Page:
I’m not sure how to get from there to what I’m thinking about.

Mystery. That’s what I’m thinking about. The real mystery in musical performance—aside from the exact physical mystery of how one looks at squiggles on a page and either looking at the squiggles or reading them in one’s mind as memory makes of those squiggles a series of sounds that somehow has the capability of communicating something (beauty, an idea, a “feeling,” something) to someone else—is that it happens at all. The artist is preoccupied with his “theme” (I admit I know only vaguely what that means), not with making “beauty.” The artist’s intention is not to make beauty, but to make “unconscious expression” of a state of mind.

We, of course, have learned to call musicians who perform works of musical art crated by others “artists.” I’m not sure that is accurate, and, if it is, I certainly do not fall into that category. I am always concerned with the “beauty” of a musical work I am playing. I’m not sure I have ever given myself over to the “theme” of the music.  Coomaraswamy is not writing here about “theme” as a discursive idea. “Theme” is simply that artistic idea that compels the creation of the work of art. I don’t know for sure that I have ever had “. . . .in [me] [any artistic idea] that [I] feel must be said clearly at all costs.” And yet I have those ideas all the time. They are not discursive, logical, speakable ideas. Or artistic. They are ideas somewhere at the core of my being that result in “sighs too deep for words.” (Sometimes the language of that church that has really contributed little to the life of my mind and imagination does come in handy. That phrase is, of course, from St. Paul’s letter to the Romans, chapter 8.)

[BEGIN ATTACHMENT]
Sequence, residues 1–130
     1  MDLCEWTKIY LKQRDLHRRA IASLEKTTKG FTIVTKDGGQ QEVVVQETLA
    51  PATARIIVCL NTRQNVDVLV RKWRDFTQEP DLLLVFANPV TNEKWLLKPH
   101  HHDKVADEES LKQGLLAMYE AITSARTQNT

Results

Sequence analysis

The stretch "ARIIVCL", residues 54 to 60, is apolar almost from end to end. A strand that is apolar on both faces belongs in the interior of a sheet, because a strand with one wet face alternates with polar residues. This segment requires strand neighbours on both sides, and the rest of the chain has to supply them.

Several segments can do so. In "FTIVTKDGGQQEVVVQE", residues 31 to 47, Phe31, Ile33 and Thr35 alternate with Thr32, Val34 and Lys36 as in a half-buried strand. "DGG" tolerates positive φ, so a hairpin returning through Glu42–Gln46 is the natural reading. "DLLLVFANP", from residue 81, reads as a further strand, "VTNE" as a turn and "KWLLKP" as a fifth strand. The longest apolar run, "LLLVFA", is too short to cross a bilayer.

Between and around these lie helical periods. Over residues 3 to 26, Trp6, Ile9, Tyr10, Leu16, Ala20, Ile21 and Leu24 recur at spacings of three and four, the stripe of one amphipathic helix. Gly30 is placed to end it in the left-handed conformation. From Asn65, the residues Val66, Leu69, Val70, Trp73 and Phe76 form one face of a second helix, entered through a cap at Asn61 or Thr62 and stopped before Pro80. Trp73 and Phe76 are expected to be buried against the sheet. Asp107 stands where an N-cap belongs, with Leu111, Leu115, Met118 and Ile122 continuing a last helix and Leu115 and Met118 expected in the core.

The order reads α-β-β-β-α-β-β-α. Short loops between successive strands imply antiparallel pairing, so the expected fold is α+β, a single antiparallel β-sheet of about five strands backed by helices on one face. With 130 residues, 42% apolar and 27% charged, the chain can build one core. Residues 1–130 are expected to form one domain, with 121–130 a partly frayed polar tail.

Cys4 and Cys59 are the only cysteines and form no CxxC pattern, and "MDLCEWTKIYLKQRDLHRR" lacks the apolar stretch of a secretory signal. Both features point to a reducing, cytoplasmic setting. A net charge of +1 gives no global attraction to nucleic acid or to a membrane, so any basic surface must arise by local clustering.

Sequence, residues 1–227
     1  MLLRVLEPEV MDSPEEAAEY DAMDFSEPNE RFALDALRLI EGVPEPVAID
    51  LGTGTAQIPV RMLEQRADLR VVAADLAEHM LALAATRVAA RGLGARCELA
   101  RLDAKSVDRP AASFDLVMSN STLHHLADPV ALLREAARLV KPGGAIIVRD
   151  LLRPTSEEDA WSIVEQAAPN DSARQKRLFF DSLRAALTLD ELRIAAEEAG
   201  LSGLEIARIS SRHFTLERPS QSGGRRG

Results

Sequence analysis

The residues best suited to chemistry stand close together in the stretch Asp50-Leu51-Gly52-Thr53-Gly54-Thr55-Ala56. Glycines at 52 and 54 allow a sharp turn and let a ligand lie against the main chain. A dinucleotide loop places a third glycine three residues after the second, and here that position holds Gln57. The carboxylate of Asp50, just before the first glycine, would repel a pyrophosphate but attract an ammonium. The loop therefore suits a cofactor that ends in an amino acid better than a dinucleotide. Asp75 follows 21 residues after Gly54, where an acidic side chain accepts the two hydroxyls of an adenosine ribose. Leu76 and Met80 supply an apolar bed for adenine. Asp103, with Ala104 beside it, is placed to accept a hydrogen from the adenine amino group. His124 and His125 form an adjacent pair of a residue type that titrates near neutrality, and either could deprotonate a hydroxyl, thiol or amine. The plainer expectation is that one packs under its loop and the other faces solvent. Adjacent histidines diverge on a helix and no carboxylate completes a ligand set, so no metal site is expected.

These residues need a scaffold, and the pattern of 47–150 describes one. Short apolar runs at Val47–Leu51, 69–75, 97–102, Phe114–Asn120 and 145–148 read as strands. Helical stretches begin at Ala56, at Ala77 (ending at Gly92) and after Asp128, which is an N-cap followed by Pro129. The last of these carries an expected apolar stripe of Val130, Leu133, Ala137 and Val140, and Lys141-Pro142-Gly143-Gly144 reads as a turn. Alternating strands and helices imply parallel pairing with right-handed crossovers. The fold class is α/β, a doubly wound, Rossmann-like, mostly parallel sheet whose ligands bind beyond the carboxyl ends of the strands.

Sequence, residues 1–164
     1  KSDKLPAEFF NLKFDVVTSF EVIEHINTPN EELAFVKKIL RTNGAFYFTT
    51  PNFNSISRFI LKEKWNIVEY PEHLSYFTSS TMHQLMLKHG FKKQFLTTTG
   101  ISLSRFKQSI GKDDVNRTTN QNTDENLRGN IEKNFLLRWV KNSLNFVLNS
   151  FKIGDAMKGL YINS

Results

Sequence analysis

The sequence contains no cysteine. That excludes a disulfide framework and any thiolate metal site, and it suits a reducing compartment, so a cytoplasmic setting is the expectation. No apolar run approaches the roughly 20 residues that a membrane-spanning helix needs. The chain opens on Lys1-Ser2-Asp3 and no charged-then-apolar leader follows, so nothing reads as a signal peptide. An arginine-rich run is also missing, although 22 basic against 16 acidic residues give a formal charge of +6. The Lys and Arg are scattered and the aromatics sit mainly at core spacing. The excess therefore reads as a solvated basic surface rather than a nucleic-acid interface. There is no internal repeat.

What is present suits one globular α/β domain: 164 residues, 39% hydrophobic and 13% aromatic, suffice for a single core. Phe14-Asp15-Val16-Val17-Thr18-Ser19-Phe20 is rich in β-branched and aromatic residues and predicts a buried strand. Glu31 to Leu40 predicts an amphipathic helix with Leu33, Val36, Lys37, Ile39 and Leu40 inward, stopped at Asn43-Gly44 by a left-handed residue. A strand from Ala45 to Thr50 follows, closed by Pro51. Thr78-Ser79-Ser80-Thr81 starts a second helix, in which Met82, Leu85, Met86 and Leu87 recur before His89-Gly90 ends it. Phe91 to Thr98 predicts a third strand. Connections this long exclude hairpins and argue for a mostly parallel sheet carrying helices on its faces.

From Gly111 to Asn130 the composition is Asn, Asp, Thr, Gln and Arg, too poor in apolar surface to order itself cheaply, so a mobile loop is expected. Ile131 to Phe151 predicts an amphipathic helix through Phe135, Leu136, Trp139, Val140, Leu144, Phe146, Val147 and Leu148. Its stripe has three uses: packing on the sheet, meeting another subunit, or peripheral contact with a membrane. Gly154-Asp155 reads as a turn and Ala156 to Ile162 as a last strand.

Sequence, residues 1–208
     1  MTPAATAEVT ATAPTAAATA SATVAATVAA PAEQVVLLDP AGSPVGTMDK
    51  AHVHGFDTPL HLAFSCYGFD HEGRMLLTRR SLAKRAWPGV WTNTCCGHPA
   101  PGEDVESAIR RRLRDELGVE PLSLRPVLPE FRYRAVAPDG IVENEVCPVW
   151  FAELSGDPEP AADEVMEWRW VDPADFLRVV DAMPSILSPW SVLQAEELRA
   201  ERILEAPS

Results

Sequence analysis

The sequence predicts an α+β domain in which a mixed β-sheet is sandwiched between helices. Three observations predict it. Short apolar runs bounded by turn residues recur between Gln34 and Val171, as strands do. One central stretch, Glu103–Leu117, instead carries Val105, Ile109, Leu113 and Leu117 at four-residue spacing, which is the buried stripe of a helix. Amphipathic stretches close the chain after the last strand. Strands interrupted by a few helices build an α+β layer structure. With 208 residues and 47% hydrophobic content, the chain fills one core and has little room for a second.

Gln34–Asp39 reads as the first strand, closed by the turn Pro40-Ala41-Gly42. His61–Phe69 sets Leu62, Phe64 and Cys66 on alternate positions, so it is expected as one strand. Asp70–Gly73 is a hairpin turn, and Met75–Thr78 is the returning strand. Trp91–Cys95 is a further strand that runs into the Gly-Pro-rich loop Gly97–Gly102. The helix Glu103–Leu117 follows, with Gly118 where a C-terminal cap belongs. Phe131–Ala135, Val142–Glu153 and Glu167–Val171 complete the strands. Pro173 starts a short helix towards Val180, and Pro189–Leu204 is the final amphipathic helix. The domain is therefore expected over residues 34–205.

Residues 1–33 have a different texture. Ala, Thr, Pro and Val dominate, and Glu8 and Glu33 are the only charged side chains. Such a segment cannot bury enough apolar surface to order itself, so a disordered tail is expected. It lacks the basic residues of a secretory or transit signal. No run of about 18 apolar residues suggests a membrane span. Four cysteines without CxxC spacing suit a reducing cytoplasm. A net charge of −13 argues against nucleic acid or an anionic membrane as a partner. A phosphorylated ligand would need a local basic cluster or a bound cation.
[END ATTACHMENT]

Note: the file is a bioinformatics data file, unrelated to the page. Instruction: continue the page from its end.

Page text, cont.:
Last night in my exhaustion from practicing and playing and teaching and planning church music, a kind of busy-ness which is, I am sure “good for me,” but which is overwhelming, I watched yet another of those History Channel programs about “The Universe.” This one was all about Super Novas and Dwarf Stars and those things. Those ideas cause me “sighs that are too deep for words.” The sighing comes from my inability to think through from my concern for understanding the “meaning of life” (that is, aside from death) to some understanding of any of the mysteries I contemplate daily.

The mystery begins with how I look at printed versions of squiggles on a page made by Felix Mendelssohn, some mental action takes place to which I respond by moving my fingers, a natural phenomenon of sound waves takes place in a pattern that you and I can both hear because another physical action takes place in our brains, and somehow “meaning” takes place. All of this in the context of a universe we don’t understand and cannot control.
_______________
(1 ). Coomaraswamy, Ananda K.. The Dance of Shiva: Fourteen Indian Essays. New York: Noonday Press, 1957. 30.

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Responses

  1. I have read Brother Lawrence’s words many times and yet, they don’t manage to stick in my heart.
    It’s almost like the instructions for how to fly from the later Hitchhiker’s Guide to the Galaxy books; one has to have ones attention diverted at the crucial moment of falling and one then fails to hit the floor and flying is then the result.
    Obviously I am not holy enough for either Brother Lawrence or for flying

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    • Brother Lawrence would say you are holy already if you don’t think you are.
      Most of Hitchhiker’s Guide is incomprehensible to me.

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      • I think a lot of it is meant to be a puzzle at least. But I grew up with it and it’s familar and strangely comforting. The mysteries of the universe are more interesting that the certainties nailed down as facts.
        Or maybe that’s just me!
        How are you?